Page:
Study: Sports Dominate Livestreamed Content Across Demographics
For decades, live sports have been the bedrock of traditional television broadcasting, and one of the main reasons that many people have avoided cutting the cord to this day. However, as the industry continues to move more and more into the world of streaming, those same live sports that kept people tethered to their cable and satellite subscriptions for so long have now become bell cows for streamers.
According to a new study from Parks Associates, live sports are running away as the most dominant form of livestreamed content. The study shows that of the 43% of domestic homes that have streamed any form of live content in the past three months, 61% have watched a live sporting event of some kind.
That number dwarfs the second most popular category of live newscasts, which came in at 36%, with live concerts coming in third at 30%. Awards shows were a close fourth, followed by eSports competitions in fifth.
“Right now, sports content is key to drawing and keeping an engaged livestream viewer base,” Parks Associates director of research Paul Erickson said. “Even with content that benefits from live consumption – such as news and concerts – significantly fewer consumers are livestreaming this content compared to sports. The sports audience is significantly more engaged in livestreaming as a whole.”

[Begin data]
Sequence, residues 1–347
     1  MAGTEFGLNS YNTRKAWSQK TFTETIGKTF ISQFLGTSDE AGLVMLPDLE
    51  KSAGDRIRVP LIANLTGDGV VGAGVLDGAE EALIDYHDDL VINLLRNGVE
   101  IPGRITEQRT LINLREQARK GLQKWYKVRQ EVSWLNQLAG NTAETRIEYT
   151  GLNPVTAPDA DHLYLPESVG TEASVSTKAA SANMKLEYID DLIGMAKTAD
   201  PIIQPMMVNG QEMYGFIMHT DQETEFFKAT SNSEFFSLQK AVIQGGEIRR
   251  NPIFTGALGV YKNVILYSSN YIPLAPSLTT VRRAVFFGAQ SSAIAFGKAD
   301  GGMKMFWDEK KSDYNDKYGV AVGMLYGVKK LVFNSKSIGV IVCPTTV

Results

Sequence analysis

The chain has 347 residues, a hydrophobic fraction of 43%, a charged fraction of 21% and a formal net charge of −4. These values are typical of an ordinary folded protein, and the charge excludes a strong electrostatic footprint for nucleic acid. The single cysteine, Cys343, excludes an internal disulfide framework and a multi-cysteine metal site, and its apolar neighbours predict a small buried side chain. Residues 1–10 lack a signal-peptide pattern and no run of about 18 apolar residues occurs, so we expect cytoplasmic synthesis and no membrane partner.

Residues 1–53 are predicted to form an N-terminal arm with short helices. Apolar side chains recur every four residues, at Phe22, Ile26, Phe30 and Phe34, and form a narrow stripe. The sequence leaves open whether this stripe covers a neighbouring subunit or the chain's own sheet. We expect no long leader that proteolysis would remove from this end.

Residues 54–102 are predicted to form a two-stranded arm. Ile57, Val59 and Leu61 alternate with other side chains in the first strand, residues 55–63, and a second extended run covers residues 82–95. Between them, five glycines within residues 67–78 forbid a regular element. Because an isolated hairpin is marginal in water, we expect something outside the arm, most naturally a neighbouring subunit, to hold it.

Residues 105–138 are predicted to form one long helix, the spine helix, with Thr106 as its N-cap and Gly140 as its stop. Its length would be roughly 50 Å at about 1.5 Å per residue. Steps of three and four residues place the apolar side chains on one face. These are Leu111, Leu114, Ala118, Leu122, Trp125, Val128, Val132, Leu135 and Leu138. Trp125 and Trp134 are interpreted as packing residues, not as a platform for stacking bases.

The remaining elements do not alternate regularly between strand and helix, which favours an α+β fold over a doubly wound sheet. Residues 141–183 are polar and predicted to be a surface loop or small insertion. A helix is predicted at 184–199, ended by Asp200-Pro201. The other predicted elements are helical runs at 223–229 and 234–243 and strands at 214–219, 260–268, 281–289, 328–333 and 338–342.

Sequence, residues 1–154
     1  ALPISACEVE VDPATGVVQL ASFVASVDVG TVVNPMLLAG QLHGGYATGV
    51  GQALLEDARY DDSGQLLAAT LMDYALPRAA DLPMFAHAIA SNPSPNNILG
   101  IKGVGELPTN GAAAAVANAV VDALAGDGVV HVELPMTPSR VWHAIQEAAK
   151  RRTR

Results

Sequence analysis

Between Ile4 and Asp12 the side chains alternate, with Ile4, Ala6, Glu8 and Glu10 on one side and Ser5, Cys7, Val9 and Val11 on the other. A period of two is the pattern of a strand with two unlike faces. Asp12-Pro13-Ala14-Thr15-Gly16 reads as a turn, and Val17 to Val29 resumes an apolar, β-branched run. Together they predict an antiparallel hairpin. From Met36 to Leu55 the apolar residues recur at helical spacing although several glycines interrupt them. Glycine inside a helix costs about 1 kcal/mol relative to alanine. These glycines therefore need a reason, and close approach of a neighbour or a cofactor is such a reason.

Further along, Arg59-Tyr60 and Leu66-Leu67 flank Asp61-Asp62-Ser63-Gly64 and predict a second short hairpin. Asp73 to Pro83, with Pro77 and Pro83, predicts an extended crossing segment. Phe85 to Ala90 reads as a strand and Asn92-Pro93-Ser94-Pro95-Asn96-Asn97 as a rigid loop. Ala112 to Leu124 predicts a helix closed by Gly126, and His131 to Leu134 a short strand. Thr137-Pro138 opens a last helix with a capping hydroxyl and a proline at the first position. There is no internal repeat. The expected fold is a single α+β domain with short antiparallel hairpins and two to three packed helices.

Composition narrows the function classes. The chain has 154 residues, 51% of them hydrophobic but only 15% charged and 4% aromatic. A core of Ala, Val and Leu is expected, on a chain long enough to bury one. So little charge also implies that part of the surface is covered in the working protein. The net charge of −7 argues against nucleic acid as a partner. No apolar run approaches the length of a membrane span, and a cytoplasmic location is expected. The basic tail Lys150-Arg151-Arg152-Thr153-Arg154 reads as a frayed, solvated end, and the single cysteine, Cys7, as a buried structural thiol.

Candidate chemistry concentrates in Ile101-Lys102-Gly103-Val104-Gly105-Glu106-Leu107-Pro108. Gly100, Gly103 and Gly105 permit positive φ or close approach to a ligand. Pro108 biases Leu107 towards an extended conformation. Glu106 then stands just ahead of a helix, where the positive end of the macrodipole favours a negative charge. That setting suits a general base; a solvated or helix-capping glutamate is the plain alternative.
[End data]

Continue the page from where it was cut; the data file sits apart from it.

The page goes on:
Erickson continued that by offering livestream options, especially for sports fans, is a way that services can bridge the gap between streamers and consumers who are more comfortable with a traditional TV experience.
“Consumers in the higher age brackets can be difficult to target,” he said, “but livestreaming is one option that appeals to them, provided the provider delivers the right content.”
Because live sports inspire regular appointment viewing, they can be incredibly valuable for subscription services, be they traditional or streaming platforms. The Parks Associate study shows that of customers who have subscribed to an over-the-top (OTT) sports service — any service that allows viewers to watch content via the internet, like MLB.TV, ESPN+, etc. — 78% have livestreamed a sporting event, while just 25% of customers who do not subscribe to an OTT sports service have done so.
Nearly every major streaming service has begun investing in live sports. This season both Apple TV+ and Peacock have begun streaming Major League Baseball games, while Apple and Amazon Prime Video are reportedly battling to land the NFL Sunday Ticket package beginning in 2023.
HBO Max already has NHL streaming rights (though they haven’t exercised them yet) and will soon broadcast U.S. Men's and Women's Soccer Team matches.
While Netflix has stated that they were going to focus on video games instead of live sports, we have seen the company reverse course on many long-held stances recently, so never say never with the suddenly unsteady streaming giant.